Picture perfect photo of local baby raccoons goes viral, global artists recreate it

Kevin Biskaborn never thought in his wildest dreams that his photo would be recreated by more than a hundred artists from around the world.

Recreations include drawings, paintings, wood carvings and Christmas ornaments

Kevin Biskaborn captured this photo last June. (Kevin Biskaborn)

Kevin Biskaborn never thought in his wildest dreams that his photo would be recreated by more than 100 artists from around the world.

Last June near Windsor, Ont., he captured a rare moment when three baby raccoons popped their heads out of a tree hollow — a photo he shared online. A few weeks later, Discovery Channel's Instagram account and other popular accounts reposted Biskaborn's photo, prompting a flurry of people to attempt to recreate the image.

Kevin Biskaborn, who is a freelance web developer and graphic designer, says wildlife photography is a hobby he picked up in 2005. (Kevin Biskaborn/LinkedIn)

"It's been a lot of fun seeing them. It's been incredible. Some people even mailed me original copies of their work and it was just like this outpouring of support and ... praise for the photo that I certainly never expected," Biskaborn said.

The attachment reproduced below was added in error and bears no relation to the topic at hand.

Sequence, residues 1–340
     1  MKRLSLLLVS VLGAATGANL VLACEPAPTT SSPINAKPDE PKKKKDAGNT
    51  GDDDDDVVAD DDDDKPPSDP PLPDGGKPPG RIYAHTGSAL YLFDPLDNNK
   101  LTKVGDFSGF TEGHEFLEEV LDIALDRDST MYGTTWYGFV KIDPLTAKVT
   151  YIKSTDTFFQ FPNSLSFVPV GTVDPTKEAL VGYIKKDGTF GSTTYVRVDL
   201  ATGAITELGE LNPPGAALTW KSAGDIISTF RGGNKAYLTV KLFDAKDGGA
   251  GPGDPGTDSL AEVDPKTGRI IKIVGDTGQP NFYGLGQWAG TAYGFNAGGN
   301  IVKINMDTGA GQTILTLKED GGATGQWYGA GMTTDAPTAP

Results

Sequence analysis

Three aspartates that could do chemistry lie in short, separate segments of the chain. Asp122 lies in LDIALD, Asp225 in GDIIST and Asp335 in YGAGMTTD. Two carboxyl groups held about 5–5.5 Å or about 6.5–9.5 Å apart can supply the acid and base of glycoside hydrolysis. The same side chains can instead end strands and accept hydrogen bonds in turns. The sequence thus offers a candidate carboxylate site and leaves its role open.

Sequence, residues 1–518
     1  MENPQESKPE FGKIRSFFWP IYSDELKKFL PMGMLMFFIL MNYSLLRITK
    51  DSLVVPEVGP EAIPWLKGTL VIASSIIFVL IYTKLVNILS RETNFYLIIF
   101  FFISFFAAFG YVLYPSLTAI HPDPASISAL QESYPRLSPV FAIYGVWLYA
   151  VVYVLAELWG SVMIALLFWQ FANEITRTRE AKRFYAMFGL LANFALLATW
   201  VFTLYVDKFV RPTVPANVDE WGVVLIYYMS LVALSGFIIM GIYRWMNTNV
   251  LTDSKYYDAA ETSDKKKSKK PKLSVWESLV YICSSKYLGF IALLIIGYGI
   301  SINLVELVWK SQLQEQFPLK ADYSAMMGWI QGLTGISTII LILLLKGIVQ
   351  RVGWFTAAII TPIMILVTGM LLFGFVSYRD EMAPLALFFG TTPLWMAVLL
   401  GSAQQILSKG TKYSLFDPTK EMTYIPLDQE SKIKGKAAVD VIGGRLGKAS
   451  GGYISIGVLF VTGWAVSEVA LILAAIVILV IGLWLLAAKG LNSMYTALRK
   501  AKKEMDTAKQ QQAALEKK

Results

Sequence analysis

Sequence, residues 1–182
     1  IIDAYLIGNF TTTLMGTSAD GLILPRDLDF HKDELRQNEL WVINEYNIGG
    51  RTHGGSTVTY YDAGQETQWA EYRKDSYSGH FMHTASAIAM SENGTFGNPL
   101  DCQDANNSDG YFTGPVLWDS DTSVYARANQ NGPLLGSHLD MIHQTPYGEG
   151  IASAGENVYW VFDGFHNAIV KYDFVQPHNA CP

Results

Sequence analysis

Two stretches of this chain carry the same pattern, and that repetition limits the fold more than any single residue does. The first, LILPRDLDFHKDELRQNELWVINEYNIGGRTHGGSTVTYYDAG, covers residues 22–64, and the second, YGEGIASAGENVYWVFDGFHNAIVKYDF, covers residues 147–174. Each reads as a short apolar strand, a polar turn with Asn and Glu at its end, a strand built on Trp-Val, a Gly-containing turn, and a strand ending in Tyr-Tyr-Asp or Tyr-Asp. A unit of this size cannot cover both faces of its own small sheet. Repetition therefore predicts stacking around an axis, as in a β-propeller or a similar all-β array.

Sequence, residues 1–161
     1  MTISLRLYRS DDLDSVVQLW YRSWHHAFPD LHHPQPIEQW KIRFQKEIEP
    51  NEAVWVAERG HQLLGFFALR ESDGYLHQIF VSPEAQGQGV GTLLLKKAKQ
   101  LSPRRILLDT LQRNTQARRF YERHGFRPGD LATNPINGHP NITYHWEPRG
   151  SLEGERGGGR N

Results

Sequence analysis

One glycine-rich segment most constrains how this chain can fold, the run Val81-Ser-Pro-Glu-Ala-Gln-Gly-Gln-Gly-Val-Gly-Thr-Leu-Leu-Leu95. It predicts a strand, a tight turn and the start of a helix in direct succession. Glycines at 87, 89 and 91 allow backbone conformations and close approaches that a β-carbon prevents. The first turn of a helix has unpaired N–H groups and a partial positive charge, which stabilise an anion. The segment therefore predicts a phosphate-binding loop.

"I mean, when I took the photo, I knew it was certainly a pretty cool moment when all three [raccoons] looked at the exact same moment, but I never predicted this type of response."

Photography is a hobby

Biskaborn — who is a freelance web developer and graphic designer by profession— wouldn't say exactly where the photo was taken because he's had many requests and he's afraid of people swarming the area to replicate the picture, but did say it was taken outside Windsor on "back roads."

He said wildlife photography is a hobby he picked up in 2005, adding that it wasn't "until my time in Windsor and Ojibway Prairie Complex that my passion for wildlife photography soared to a new level."

Biskaborn gained more than 5,000 Instagram followers since his photo was reposted, but said he doesn't take pictures for the likes and follows — he does it for the genuine fun of it.

He said his favourite recreation of the raccoon photo so far has been a wood carving.

"It was etched in great detail on a live edge piece of wood. It was just a really nice piece of work," he said, adding there are other unique interpretations of the photo that people have made.

"Someone created Christmas ornaments ... someone carved it into a wooden clock. Someone started creating memes and selfies with it," he said. "Everyone has just gone ... extremely creative with this photo in their own way."

Biskaborn is currently based in London, but lived in Windsor for four years, where he spent his free time exploring the city's natural areas and taking photos.

He hasn't been able to pick up his camera for months since the birth of his newborn son, but plans to start again in the near future.

About the Author

Tahmina Aziz


The CBC's Tahmina Aziz currently reports out of Windsor and Toronto for TV, radio and web. Have a story? Email Twitter: @tahmina_aziz


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